Used Firms, Used Cars, Useless Billionaires?

Used Firms, Used Cars, Useless Billionaires?

By Michael Every of Rabobank

Chinese trade data yesterday were stronger than expected (exports up 32.2% y/y vs. 23% consensus, imports up 36.7% vs. 29.5%) but didn’t tell anyone anything they wanted to know about what will happen in H2 or 2022, which is what really matters. Especially with the headline that President Biden will publicly warn US businesses about the dangers of being located in Hong Kong.

The response of some US firms may be to leave; but many others will likely echo the thoughts of Jim McGregor, China chairman of APCO worldwide, quoted on Bloomberg: “America’s leading companies must be in the China market and have access to Chinese innovation in order to maintain global leadership. They can’t be forced into a choice between the US or China. They may have to create structural workarounds with spin-offs or stock listings that provide some separation between US and China operations if things get really dire.”

Some separation”: two legal entities; two balance sheets because of clashing sanctions laws; two sets of data that can’t be shared; two paths for innovation because of tech controls; in two separate currencies because of capital controls; and perhaps forced into two separate supply chains due to political pressure. We are repeatedly told US-China decoupling can’t happen – how is the above not it? It’s also a relatively favorable one for China given it gets to Sinicize US firms while the US is extremely unlikely to Americanise the fewer Chinese firms operating Stateside.

The other big number yesterday was US CPI: just as markets had decided inflation is ‘no longer a thing’, it surprised hugely to the upside again. Headline CPI was 0.9% m/m vs. 0.5% expected, and 5.4% y/y, while core CPI was also 0.9% m/m vs. 0.4% expected, and 4.5% y/y. This moved US Treasury yields, with 2s up to 0.25%, 5s up 5bp to 0.85%, 10s up 6bp to 1.41%, and 30s up 4bp to 2.04%. The Dollar also moved higher, and equities had the temerity to go slightly lower.

Once again, around a third of the CPI increase was driven by used cars, and this is also going to get second-hand over time, so those base effects will bring inflation back down again in mid-2022. However, the damage done to demand is still notable: real incomes continue to fall month after month. Also worth noting is that food price hikes will be coming to retailers soon as food producers’ 12-month commodity hedges roll off at far higher prevailing prices. That will ensure headline inflation remains high, but once again does not tell us what will happen in 2022. As on US-China trade, this remains firmly in the realm of the political.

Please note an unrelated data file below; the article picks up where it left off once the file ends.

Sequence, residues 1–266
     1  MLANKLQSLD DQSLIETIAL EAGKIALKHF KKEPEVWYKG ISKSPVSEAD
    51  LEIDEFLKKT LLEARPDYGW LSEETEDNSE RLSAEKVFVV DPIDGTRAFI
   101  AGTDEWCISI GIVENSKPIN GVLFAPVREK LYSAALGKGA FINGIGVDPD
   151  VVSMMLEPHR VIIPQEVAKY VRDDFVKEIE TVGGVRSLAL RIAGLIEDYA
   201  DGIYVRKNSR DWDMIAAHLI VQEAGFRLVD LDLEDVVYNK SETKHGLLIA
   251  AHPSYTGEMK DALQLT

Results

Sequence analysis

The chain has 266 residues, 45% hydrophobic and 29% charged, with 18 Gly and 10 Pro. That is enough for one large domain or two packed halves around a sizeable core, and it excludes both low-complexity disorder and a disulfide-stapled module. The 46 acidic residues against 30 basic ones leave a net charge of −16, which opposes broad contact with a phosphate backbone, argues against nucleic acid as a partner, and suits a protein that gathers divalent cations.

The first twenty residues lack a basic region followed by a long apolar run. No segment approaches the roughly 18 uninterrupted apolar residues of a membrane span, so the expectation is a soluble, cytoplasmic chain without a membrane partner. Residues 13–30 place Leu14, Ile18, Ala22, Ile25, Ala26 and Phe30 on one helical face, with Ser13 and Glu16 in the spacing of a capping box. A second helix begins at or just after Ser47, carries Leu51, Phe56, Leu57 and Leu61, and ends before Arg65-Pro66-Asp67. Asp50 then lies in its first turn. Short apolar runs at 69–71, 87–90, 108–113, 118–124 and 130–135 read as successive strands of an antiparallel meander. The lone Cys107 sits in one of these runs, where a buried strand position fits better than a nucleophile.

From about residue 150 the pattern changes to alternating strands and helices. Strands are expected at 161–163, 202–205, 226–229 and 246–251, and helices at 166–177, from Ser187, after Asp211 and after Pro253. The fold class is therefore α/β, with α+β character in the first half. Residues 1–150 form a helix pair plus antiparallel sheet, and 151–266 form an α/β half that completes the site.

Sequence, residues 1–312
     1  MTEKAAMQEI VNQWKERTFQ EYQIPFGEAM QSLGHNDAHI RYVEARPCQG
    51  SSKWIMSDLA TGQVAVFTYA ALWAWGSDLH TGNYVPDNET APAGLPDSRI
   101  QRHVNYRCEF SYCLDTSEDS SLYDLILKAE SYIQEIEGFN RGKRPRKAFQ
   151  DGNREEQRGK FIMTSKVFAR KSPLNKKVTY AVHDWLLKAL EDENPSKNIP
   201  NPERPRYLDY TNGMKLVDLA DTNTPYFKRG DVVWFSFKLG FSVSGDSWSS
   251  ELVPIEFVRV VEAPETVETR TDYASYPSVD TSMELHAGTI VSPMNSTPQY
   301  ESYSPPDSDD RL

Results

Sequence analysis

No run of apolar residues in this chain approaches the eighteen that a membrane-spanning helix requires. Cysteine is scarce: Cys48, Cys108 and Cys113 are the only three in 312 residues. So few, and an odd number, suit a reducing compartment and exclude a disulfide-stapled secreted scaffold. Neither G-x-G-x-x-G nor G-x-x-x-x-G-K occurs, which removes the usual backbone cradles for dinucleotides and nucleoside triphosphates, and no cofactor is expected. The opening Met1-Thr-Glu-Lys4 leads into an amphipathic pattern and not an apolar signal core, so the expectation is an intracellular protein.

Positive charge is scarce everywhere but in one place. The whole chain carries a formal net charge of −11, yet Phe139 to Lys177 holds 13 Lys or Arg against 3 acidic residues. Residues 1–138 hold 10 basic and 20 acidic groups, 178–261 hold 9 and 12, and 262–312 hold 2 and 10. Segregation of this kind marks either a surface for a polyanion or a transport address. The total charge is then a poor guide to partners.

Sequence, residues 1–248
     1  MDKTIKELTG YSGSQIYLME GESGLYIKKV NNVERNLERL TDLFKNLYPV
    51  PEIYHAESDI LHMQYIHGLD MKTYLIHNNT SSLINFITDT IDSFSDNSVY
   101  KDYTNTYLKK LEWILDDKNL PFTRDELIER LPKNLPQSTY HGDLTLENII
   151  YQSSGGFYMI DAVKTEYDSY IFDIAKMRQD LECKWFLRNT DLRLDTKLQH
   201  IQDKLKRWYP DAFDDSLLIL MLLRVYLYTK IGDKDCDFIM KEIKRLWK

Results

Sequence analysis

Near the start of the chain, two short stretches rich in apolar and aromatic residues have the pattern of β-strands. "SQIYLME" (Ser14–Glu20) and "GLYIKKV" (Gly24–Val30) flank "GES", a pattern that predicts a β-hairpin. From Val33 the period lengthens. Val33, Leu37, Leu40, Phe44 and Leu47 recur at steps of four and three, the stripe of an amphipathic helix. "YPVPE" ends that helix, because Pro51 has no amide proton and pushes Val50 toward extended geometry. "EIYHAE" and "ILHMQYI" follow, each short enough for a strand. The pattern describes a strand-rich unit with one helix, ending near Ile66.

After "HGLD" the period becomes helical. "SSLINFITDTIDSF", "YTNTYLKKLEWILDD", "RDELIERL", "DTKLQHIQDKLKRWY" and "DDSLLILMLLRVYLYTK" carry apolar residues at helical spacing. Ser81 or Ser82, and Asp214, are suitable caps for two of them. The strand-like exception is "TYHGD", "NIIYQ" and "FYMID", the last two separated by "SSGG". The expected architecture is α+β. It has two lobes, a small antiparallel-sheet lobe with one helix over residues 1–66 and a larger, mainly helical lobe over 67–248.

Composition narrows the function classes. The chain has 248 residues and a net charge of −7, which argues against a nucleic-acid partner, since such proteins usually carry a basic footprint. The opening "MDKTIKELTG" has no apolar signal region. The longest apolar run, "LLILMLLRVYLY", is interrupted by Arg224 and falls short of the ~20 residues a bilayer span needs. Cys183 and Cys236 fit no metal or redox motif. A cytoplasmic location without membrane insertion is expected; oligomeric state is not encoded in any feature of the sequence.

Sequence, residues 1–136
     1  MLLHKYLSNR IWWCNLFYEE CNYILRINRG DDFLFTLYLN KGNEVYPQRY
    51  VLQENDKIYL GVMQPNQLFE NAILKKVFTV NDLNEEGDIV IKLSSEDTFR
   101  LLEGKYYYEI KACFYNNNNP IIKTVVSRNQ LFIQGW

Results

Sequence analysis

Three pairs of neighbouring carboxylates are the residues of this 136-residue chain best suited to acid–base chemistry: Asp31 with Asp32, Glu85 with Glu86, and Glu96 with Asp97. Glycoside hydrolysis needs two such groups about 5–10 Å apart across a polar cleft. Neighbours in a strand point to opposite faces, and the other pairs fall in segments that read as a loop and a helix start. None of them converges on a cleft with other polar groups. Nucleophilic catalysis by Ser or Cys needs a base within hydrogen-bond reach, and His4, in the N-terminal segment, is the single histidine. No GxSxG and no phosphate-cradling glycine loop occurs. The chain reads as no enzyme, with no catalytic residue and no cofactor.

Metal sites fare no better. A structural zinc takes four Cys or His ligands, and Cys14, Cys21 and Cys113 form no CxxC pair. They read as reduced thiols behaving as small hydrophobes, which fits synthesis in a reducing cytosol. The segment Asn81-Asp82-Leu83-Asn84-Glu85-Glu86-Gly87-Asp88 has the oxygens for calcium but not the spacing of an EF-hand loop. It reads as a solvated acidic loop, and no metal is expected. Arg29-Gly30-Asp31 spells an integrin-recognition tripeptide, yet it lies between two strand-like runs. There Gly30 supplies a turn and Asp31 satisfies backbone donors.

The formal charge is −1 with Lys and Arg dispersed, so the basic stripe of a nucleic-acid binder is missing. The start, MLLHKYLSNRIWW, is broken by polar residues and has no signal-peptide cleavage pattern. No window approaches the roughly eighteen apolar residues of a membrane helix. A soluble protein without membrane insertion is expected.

As does monetary policy: as has been argued here for years, monetary policy is always political, because politics sets the framework for monetary policy. This was hidden behind a veil of technocracy and technobabble until recently, but rising inflation and asset-price inflation, and the policy choices implicit within, may now be lifting it for more of the public.

More directly, Atlanta Fed President Bostic yesterday stated that the world’s highest level of incarceration seen in the US “is a drag on our ability to achieve our maximum-employment goal,” and that “how we execute criminal justice inhibits global competitiveness.” Bloomberg reports the speech as the Fed saying incarceration is a “drag on US growth”; the Wall Street Journal that “Fed Officials Say US Legal System is Hampering Economy”. So do many other socio-economic factors – and the choices of which ones are and are not addressed will be political.

However, this does not seem to be a factor in the Fed’s near-term thinking on either tapering of QE or a rate hike. San Francisco Fed President Daly yesterday reiterated that inflation is still “temporary” (“transitory” was in the shop being serviced), but that QE tapering may start by year-end. However, she added it is “really premature to talk about rate increases” because of the threat posed by the Delta variant of Covid. Fed Chair Powell delivers his semi-annual testimony to the House today, which will not be a Humphry Hawkins so much as Harrumph-y Dove-ins: let’s see where he goes with what he says.  

Meanwhile, Delta case numbers are surging in Europe and the UK, threatening reopening in the former, and anger; and in many struggling EM, threatening the combination of anger and hunger. Indeed, there are already street protests in Cuba and South Africa, and hunger there and in India, Indonesia, and even the empty tourist resorts of normally food-saturated Thailand. The UN just reported that world hunger already spiked in 2020 due to Covid-19, with nearly 10% of the global population undernourished – and that number will rise sharply in 2021 given what food prices have done and are about to do.

Amazingly, there has been no real push to vaccinate the crews on the vital global shipping fleets that take our food and other goods to customers around the world, threatening virus outbreaks there and further shipping delays,…and so further “transitory” inflation, and further hunger.

But, on the other hand, billionaire Richard Branson says he and Virgin Galactic are opening space for *everyone*: “Imagine a world where people of all ages, all backgrounds, from anywhere, of any gender, or any ethnicity have equal access to space. And they will in turn, I think inspire us back here on Earth.

All ages, all backgrounds, from anywhere, of any gender, or any ethnicity who happen to have $250,000 to waste on a day-trip that is.    

Tyler Durden
Wed, 07/14/2021 – 09:29

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